A chemical solution used after washing the film. By reducing the surface tension of the water remaining on the film, it speeds up drying and prevents water spots. Kodak version of this is called Photo-flo.

White point adjustment
An adjustment made that will determine the amount of highlight detail in an image. It is considered proper to set the white point so that the lightest part of an image will only just have zero detail.

White balance
The perceived colour of an object is affected by the colour of the lighting under which it is viewed. The human brain is able to detect and compensate for such changes in perceived colour. As a result, a white object will look white to humans whether viewed in sunlight or under overcast skies, or indoors under incandescent or fluorescent lighting. A digital camera must emulate the human brain and adjust colours accordingly to lighting so that colours appear white when viewed directly also appear white in the final photograph. This adjustment is called “White Balance”. Most video systems use a "white balance" to aid in overcoming colour problems created by adverse lighting conditions. The colour balance assumes that under normal conditions, that if a white object can be made to look white, then the remaining colours will be accurate too. If the original lighting is not close to the proper colour temperature (typically daylight), the "white balance" may reproduce white at the expense of other hues. Most digital cameras feature automatic white balance, this means that the camera looks at the overall colour of the image and calculates the best-fit white balance, however these systems are often fooled (especially if taking a photograph dominated by one colour, say green). Modern "prosumer" digital cameras also allow "white preset" which simply means measuring the white point from a white sheet of paper or card (or nearby wall), the camera will then record that temperature and use it to correct all images until you reset it.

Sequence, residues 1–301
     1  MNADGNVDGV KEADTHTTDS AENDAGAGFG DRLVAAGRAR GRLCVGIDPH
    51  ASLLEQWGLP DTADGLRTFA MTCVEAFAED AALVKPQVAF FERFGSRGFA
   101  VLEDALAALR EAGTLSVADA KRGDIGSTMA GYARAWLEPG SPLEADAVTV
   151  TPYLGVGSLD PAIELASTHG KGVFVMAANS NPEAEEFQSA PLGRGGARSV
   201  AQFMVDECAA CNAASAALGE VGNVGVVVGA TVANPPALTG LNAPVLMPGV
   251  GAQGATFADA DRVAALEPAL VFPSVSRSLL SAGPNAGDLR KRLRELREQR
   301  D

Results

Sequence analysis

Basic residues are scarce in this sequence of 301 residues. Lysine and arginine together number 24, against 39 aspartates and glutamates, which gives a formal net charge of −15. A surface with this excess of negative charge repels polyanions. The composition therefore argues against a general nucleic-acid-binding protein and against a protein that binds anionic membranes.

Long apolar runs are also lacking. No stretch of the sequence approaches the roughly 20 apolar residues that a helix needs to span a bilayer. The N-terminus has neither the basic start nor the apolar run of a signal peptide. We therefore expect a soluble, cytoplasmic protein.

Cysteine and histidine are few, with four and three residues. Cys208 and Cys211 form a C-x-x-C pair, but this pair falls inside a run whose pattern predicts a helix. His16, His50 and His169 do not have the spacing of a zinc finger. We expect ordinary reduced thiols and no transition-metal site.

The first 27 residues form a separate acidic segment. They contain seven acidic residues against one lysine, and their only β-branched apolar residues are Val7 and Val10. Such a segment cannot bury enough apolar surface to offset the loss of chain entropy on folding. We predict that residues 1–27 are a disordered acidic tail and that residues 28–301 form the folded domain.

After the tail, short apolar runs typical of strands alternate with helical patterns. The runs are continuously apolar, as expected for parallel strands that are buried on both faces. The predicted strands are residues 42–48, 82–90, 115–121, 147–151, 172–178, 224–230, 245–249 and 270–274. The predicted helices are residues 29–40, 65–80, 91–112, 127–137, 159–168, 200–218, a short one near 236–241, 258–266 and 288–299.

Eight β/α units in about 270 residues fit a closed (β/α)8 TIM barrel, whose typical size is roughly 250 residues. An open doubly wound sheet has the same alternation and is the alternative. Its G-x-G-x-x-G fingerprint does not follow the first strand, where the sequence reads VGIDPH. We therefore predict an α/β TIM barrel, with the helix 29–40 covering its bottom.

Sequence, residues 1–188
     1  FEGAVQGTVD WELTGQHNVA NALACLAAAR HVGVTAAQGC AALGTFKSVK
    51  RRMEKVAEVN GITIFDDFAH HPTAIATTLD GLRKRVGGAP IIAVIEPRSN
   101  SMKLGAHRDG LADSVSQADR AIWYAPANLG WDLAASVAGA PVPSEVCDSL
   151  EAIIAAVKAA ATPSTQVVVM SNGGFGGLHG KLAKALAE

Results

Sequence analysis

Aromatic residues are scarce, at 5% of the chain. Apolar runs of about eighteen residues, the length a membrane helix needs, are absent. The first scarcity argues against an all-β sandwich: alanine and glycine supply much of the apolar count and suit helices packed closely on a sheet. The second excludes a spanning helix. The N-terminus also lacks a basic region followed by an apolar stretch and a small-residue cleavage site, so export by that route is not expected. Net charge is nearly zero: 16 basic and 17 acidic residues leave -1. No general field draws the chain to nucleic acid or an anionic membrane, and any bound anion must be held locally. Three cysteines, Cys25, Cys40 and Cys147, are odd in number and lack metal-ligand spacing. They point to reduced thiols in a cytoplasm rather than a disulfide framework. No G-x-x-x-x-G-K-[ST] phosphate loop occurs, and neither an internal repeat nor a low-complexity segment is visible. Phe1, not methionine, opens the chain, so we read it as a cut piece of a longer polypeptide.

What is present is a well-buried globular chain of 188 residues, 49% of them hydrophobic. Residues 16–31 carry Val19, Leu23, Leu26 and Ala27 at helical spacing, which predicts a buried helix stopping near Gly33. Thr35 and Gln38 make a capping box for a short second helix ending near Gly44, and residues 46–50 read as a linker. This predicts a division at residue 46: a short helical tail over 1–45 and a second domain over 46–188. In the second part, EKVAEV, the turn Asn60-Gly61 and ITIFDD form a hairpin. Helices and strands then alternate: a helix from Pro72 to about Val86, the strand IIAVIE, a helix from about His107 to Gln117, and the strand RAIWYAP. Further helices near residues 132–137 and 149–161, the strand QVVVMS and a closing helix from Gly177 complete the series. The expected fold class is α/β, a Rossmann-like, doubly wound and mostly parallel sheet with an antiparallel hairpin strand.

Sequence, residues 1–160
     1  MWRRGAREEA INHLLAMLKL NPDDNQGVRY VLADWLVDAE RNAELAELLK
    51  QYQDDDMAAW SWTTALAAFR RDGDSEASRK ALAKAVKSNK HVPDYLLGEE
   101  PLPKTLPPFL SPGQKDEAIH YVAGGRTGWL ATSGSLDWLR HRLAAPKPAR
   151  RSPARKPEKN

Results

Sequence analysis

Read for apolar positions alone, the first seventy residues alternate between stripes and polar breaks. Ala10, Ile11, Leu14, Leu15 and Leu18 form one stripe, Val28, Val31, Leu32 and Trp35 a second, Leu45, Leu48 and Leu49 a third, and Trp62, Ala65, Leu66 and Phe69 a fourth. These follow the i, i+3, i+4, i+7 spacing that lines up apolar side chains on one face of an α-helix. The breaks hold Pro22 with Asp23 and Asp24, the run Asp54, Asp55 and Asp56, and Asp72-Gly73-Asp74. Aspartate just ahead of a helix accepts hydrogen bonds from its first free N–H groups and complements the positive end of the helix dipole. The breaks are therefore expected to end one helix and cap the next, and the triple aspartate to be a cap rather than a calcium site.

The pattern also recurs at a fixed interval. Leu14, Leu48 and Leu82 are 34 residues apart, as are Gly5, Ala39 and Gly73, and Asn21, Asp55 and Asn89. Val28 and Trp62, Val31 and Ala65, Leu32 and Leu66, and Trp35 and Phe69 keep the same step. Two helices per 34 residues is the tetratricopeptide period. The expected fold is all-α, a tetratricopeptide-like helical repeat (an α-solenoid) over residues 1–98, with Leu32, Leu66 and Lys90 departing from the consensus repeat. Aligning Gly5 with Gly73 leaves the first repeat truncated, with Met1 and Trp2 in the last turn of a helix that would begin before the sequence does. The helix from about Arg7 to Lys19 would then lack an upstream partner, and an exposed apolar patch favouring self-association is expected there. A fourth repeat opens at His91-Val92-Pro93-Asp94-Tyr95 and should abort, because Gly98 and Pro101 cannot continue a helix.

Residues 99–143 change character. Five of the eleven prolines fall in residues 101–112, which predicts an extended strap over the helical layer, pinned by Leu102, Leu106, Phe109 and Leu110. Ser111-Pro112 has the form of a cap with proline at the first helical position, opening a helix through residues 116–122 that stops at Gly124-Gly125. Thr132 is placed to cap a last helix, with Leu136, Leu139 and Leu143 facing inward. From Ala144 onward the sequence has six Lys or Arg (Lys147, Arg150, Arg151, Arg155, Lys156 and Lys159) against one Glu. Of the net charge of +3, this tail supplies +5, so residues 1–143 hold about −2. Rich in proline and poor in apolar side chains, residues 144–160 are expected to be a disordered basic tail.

White light
Light containing equal amounts of the primary additive colours of light. The human eye sees this light as colorless.

White point
The results of combining the additive primary colours, Red, Green, Blue.

The result of combining the additive primary colours (Red, Green and Blue).

Wide-Angle Lens
A lens that has a shorter focal length and a wider field of view (includes more subject area) than a normal lens. Also can explained as a lens whose focal length is shorter than the diagonal of the film frame; in 35mm photography, lenses shorter than 50mm; also referred to as a "short" lens.

Wide-angle lens
In 35mm format cameras, lenses with a focal length of approx. 35mm are called wide-angle lenses.

Working aperture
The widest aperture at which an acceptable image can be achieved.

Working distance
The distance from the front of the lens surface to the subject. The more frequently used term "shooting distance" refers to the distance between the subject and the film plane.

Working solution
A chemical solution diluted to the correct strength for use.